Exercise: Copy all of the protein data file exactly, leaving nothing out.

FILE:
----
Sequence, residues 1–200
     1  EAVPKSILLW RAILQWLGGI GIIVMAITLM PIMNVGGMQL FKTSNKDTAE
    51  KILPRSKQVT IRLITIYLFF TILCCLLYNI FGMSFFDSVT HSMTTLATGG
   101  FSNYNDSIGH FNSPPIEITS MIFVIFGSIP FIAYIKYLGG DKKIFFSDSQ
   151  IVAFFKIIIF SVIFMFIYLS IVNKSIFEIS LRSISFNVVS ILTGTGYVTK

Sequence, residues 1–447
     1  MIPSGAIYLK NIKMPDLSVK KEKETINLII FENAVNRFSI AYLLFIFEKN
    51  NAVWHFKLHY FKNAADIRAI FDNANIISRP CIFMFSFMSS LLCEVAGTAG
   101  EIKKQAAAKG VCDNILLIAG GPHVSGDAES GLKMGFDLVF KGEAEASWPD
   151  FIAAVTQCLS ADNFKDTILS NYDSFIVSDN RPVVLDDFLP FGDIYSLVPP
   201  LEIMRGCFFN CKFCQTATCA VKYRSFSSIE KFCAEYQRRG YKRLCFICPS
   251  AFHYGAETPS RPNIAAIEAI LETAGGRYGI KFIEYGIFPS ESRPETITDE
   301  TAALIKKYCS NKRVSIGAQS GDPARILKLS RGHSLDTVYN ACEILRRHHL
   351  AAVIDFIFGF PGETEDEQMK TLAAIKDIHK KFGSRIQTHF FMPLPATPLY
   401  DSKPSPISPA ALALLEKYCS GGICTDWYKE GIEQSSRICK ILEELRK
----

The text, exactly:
Sequence, residues 1–200
     1  EAVPKSILLW RAILQWLGGI GIIVMAITLM PIMNVGGMQL FKTSNKDTAE
    51  KILPRSKQVT IRLITIYLFF TILCCLLYNI FGMSFFDSVT HSMTTLATGG
   101  FSNYNDSIGH FNSPPIEITS MIFVIFGSIP FIAYIKYLGG DKKIFFSDSQ
   151  IVAFFKIIIF SVIFMFIYLS IVNKSIFEIS LRSISFNVVS ILTGTGYVTK

Sequence, residues 1–447
     1  MIPSGAIYLK NIKMPDLSVK KEKETINLII FENAVNRFSI AYLLFIFEKN
    51  NAVWHFKLHY FKNAADIRAI FDNANIISRP CIFMFSFMSS LLCEVAGTAG
   101  EIKKQAAAKG VCDNILLIAG GPHVSGDAES GLKMGFDLVF KGEAEASWPD
   151  FIAAVTQCLS ADNFKDTILS NYDSFIVSDN RPVVLDDFLP FGDIYSLVPP
   201  LEIMRGCFFN CKFCQTATCA VKYRSFSSIE KFCAEYQRRG YKRLCFICPS
   251  AFHYGAETPS RPNIAAIEAI LETAGGRYGI KFIEYGIFPS ESRPETITDE
   301  TAALIKKYCS NKRVSIGAQS GDPARILKLS RGHSLDTVYN ACEILRRHHL
   351  AAVIDFIFGF PGETEDEQMK TLAAIKDIHK KFGSRIQTHF FMPLPATPLY
   401  DSKPSPISPA ALALLEKYCS GGICTDWYKE GIEQSSRICK ILEELRK